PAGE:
New Zealand's worrying fast-food trends revealed in new study

Read the NZ Herald article about newly published DIET study: five year trends in the serve size, energy, and sodium contents of New Zealand fast foods 2012-2016.

Kids’ everyday exposure to food marketing: video

Kids’Cam is a world first. The researchers used automated wearable cameras and GPS units to study the children’s world. Click here to view a video of the Kids'Cam study results.

New research shows NZ children are surrounded by junk food ads

New Zealand children are exposed to around 27 unhealthy food advertisements per day, innovative camera research from Otago and Auckland Universities reveals. Read more.

NZ kids can’t escape alcohol marketing next to bread and milk

New Zealand children are exposed to alcohol marketing on nearly every visit to the supermarket, innovative camera research from Otago and Auckland Universities reveals. Read more.

Nutrition labels improve understanding

Nutrition labels have a minor impact on New Zealand consumer healthy food choices, according to the latest study from the University of Auckland. Read more

App makes low salt and gluten-free shopping easy

Low salt and gluten-free food products will be easy to identify using an updated version of the Foodswitch smartphone app, available now, that helps New Zealanders to shop for healthy foods.

SPEND study shows foods taxes and subsidies would save lives

Health related food taxes and subsidies could improve diets and reduce deaths from diet related disease in New Zealand, according to research from the National Institute for Health Innovation.

Media Release: Starlight study starts recruiting

A media release is available to inform interested people that a nutrition labelling study called Starlight is now recruiting volunteers. Starlight is designed to compare different nutrition labels and see which of them make healthy food choices easier.

NutriSales work profiled on Food Navigator

The work of the NutriSales team showing how the combination of household food purchases and nutrition data can be used to assess population exposure to salt, saturated fat and sugar, has been profiled on Food Navigator.

Supermarkets consider sugar-free aisles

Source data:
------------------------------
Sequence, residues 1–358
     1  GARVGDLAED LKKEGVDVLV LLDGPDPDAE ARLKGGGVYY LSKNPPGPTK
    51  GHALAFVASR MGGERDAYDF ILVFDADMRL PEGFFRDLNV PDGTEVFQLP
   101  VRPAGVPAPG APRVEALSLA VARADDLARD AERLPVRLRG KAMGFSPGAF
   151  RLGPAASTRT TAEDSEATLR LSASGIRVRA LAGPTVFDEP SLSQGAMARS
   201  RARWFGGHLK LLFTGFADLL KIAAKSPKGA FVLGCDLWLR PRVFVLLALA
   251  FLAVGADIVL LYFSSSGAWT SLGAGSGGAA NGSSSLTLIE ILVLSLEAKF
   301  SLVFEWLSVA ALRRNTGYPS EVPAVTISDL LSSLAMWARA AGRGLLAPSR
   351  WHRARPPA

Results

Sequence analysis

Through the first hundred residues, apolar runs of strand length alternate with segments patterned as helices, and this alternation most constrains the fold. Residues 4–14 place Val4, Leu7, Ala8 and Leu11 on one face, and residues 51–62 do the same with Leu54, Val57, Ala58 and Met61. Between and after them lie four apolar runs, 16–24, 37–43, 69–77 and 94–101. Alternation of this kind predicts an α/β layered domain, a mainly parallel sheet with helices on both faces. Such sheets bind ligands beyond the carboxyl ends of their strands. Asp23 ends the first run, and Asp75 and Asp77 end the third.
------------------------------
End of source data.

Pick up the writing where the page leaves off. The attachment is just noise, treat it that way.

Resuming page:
In an interview with 3 News, Cliona Ni Mhurchu advises that NZ supermarkets should consider following UK supermarket Tesco's lead in removing sugary foods from their checkouts.

Strong leadership needed in battle against bad food

NZ Doctor review Prof Cliona Ni Mhurchu’s presentation at the GP CME meeting in Rotorua in June.

Improving NZ's public health and reducing health inequalities

RadioLIVE’s Mark Sainsbury talks with Cliona Ni Mhurchu on improving New Zealand’s public health and reducing health inequalities (8 June 2014). This followed a presentation she gave at the ‘Tackling Determinants, Changing Behaviours’ symposium organised by NIHI at the University of Auckland.

Nutrition in New Zealand

DIET Programme Director, Professor Cliona Ni Mhurchu, is interviewed by Labour MP David Shearer on the topic of nutrition in our daily diets.

The war on sugary drinks

DIET Programme Director, Professor Cliona Ni Mhurchu, is interviewed by TV3 The Nation, on the likely effects of a sugary drink tax.

DIET profiled in the NZ Herald

The research being conducted by the DIET team was profiled in the New Zealand Herald on 6 Jan 2014.

Media coverage for Kids'Cam

The Kids'Cam team received front page coverage in the Weekend Herald on 9th November 2013.  This was great coverage for this study – well done team!

Kids'Cam also received coverage on the news programme ‘7 Days’ on 15th November 2013.

DIET programme gets funded

The DIET programme of research will officially start on 1 October 2013, after receiving funding from the Health Research Council of New Zealand of approximately $5 million over five years.  The DIET programme includes five projects, four of which assess the effects of promising nutrition interventions on population food purchases and diets and one of which involves simulation modelling to predict the long-term health outcomes and inequalities of those nutrition interventions.